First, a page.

The People’s Republic of China is known from at least two things: its Government that uses tanks to run over its own citizens and at the same time its free market economy that enjoys a remarkable growth. A combinations that is very rare indeed.
How did it start? After the World War II the National Party (Kuomintang) led by Chiang Kai-shek lost the Civil War and as a result Mao Zedong, leader of the Communist Party, proclaimed the establishment of the People’s Republic of China. That was the year of 1949. Mao firmly believed in communism which was reflected in the death toll of so called ‘Great Leap Forward’ being 45 million lives. Under the Mao leadership China experienced starvation, mass executions and social disasters. Fortunately, he had died in 1976 which was an opportunity for Deng Xiaoping who seized power shortly after this date. He was the man who led the Government in Beijing to radical economic reforms and made China what we know today. Deng introduced the decollectivization of agriculture, opened up the country to foreign investment, permitted entrepreneurs to start-up businesses. Eventually, he also ordered privatization and the lifting of price controls, protectionist policies and regulations. From 1978 to 2010, unprecedented growth occurred, with the economy increasing by 9.5% a year. China’s economy became the second largest after the United States and is projected to become the world’s largest economy by 2025. He was also responsible for a series of first special economic zones for foreign investment that were relatively free of the bureaucratic regulations and interventions that hampered economic growth. As you see, the ‘special zone’ idea is not a new one after all. It has been and is now again a guinea pig on which the communist Government conducts its experiments with free market.
After Deng’s death, next leaders continued his economic policy and the number of state-owned enterprises decreased by 48 percent, In 2004 further reforms reduced tariffs, trade barriers and regulations, reformed the banking system, dismantled much of the Mao-era social welfare system.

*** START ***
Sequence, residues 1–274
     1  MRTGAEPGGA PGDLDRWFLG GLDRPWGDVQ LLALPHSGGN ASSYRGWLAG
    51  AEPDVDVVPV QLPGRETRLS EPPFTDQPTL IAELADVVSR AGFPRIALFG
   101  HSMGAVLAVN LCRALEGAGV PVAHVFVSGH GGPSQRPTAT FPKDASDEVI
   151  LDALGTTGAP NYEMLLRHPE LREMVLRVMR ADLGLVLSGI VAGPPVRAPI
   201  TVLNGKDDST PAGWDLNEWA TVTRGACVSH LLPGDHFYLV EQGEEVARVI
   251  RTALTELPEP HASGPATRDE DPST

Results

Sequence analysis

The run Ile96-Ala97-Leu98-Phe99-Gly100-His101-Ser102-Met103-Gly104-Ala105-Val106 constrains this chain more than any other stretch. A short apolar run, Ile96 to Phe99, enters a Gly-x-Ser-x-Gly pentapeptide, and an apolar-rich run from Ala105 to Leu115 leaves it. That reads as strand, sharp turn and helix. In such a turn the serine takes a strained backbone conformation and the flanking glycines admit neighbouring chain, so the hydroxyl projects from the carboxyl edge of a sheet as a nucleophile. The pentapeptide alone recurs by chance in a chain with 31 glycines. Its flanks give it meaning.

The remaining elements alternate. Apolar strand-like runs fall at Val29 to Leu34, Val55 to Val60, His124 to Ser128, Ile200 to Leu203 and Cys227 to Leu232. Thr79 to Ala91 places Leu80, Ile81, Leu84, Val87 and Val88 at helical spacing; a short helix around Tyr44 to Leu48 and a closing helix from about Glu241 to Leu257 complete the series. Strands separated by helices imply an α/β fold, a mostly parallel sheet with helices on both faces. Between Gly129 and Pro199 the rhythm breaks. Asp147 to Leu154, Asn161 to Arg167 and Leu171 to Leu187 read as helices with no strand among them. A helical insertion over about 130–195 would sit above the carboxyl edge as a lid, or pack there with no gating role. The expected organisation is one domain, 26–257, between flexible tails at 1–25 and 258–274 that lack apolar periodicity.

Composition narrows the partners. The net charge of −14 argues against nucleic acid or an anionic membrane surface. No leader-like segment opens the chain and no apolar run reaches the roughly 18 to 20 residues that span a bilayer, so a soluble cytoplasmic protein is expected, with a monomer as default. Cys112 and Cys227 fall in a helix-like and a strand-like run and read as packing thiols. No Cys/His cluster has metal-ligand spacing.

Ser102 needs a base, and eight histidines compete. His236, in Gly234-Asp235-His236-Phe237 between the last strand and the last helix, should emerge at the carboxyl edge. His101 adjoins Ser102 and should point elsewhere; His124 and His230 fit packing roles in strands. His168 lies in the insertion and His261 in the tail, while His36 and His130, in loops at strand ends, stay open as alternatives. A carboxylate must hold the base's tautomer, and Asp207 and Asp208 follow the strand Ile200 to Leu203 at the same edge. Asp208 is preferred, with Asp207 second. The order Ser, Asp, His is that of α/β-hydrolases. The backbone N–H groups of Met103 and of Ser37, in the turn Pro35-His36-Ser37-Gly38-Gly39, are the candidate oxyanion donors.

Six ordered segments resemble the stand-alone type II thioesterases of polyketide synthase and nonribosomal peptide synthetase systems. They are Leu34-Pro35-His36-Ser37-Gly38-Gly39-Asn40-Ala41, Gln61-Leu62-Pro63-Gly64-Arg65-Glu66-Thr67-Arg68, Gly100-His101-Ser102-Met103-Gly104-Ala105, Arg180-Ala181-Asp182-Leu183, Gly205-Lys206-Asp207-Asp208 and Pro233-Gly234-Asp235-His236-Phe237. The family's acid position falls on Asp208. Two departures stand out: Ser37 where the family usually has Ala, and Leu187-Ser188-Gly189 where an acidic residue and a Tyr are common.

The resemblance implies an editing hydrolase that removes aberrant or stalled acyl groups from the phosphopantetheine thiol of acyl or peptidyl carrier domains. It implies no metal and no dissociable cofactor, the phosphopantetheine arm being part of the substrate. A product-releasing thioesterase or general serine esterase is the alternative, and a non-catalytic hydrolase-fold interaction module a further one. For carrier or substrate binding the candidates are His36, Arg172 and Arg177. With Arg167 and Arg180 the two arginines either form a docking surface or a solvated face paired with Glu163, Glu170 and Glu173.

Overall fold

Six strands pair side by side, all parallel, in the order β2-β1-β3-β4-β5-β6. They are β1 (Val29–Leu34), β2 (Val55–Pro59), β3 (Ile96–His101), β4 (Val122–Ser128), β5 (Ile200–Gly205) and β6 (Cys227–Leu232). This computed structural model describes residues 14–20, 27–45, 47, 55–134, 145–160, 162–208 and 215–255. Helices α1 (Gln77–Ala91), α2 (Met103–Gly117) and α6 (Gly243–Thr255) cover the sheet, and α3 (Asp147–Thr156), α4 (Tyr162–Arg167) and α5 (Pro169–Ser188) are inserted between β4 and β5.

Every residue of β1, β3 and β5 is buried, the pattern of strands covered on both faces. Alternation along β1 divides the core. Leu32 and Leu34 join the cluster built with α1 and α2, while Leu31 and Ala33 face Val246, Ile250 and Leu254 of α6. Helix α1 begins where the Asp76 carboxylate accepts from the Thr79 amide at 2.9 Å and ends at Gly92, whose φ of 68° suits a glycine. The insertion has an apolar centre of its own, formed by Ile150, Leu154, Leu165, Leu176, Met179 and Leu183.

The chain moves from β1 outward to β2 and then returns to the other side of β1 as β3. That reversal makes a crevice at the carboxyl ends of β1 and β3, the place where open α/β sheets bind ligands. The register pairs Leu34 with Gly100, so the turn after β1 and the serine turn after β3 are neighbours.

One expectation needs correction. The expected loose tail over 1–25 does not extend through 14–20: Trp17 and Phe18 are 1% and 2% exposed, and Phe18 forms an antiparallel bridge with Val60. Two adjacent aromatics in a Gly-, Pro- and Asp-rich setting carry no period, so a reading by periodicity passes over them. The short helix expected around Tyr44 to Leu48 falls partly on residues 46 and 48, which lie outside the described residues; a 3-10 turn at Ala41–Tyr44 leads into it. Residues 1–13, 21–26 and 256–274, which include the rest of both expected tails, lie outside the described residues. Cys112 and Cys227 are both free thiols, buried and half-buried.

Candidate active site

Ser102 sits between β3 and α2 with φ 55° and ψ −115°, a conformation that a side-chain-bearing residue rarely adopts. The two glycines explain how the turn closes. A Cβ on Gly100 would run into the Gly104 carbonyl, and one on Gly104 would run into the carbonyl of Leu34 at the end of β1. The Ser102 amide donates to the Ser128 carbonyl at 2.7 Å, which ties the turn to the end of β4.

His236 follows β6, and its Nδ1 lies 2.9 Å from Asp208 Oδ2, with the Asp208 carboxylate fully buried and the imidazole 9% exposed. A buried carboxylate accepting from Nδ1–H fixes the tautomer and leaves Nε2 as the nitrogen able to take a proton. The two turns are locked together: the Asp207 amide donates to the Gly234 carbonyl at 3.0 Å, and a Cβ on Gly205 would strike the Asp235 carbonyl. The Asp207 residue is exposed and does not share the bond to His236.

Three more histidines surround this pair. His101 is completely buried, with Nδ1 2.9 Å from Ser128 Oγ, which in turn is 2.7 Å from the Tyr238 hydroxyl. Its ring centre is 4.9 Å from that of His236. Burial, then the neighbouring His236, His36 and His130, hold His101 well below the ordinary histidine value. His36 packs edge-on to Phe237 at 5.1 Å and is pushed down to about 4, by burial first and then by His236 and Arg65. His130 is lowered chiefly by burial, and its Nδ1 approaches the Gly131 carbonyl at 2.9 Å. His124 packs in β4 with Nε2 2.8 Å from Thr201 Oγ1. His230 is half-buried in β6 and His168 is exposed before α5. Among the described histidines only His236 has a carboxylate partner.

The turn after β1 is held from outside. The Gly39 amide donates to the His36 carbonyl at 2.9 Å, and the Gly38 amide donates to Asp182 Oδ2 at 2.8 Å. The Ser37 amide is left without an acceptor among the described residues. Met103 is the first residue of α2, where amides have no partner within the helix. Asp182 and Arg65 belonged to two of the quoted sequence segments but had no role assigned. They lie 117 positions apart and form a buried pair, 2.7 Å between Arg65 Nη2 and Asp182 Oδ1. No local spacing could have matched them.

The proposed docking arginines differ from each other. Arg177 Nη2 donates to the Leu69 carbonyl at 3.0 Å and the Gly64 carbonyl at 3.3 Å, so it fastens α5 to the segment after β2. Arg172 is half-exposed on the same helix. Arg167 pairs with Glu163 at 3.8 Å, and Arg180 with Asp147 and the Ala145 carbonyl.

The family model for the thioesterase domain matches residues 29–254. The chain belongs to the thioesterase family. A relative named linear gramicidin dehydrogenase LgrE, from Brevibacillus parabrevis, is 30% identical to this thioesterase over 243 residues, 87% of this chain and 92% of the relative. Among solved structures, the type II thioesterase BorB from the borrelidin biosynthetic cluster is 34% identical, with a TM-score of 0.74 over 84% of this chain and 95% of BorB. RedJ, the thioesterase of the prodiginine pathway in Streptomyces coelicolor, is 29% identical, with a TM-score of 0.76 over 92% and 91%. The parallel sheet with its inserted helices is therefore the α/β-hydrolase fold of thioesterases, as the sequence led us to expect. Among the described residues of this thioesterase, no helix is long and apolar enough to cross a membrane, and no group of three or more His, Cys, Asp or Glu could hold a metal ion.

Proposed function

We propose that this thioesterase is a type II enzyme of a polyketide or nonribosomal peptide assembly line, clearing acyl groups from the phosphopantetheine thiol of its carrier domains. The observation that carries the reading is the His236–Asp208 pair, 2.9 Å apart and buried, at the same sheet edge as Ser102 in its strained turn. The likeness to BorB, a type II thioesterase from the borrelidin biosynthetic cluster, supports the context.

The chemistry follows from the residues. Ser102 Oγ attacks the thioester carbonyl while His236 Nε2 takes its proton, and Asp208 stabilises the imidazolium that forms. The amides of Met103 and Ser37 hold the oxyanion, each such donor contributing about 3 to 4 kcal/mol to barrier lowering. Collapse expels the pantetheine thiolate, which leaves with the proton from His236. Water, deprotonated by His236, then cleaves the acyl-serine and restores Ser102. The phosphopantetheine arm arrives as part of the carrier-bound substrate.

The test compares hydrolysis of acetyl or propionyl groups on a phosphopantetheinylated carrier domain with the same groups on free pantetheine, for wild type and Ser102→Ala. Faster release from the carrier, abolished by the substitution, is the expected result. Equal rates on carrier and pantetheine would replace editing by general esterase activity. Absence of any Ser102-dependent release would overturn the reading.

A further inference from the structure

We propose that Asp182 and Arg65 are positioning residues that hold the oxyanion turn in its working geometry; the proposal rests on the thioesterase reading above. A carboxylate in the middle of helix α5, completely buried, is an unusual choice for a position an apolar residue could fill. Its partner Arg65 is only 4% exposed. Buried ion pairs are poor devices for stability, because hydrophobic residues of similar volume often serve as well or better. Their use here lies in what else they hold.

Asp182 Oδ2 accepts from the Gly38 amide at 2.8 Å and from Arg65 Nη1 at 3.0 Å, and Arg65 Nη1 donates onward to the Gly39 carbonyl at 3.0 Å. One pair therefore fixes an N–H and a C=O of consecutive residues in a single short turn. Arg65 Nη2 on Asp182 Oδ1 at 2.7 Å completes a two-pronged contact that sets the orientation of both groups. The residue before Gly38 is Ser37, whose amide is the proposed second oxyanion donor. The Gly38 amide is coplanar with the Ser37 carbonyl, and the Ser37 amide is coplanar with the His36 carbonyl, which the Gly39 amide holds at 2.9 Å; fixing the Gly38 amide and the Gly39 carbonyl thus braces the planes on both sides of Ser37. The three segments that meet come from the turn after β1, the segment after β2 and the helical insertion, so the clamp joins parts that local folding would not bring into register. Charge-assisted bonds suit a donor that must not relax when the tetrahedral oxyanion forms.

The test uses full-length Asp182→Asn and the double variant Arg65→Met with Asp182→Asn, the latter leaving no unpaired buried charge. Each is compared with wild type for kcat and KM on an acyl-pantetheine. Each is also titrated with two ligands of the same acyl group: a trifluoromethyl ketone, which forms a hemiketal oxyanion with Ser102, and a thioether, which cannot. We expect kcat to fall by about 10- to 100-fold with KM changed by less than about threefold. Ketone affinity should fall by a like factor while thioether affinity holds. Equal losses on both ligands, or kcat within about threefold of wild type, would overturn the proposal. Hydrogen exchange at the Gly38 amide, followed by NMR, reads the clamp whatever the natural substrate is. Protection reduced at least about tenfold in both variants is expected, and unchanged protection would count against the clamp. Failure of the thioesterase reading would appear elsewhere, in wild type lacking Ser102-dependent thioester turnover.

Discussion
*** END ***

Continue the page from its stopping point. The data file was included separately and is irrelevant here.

Now China opens a Free Trade Zone in Shanghai. It is designed to promote commerce and foreign investments. The regulations will be limited and the governance is to be improved. It will also bring liberalisation into several sectors such as finances, shipping, commercial, culture. Moreover, Yuan, the Chinese currency, is supposed to be convertible unlike anywhere else in the country.
It seems that a communist state has a free market economy that could be envied by many capitalist states. It enjoys a constant growth, low taxes, simple regulations and friendly attitude from the Government’s administration. Marx and Lenin must be spinning in their graves (actually in Lenin’s case, spinning in his mausoleum). The communism has been maintained in terms of social rules and freedom (or lack thereof) whereas the economy has been freed. An experiment which is being conducted in the country with population over 1 billion people. No one can really predict what is at the end of the tunnel.
The Zone is believed to be a first step towards the further liberalisation of China. Some hope for more economic freedom, others for more freedom in general. It must be remembered that at the same time the economy is being freed, the Chinese society still lives in the totalitarian environment. China is the country which executes more people than any other state. Its Government uses torture and represses the opposition. What is more, it deprives people of the benefit of social pluralism and censors the Internet. China was involved in the Korean War (1950-53), also waged wars against and India (1962) and Vietnam (1979). It has been brutally occupying Tibet since 1950. The economic reforms cannot divert one’s attention from the political and social terror the Chinese people live under.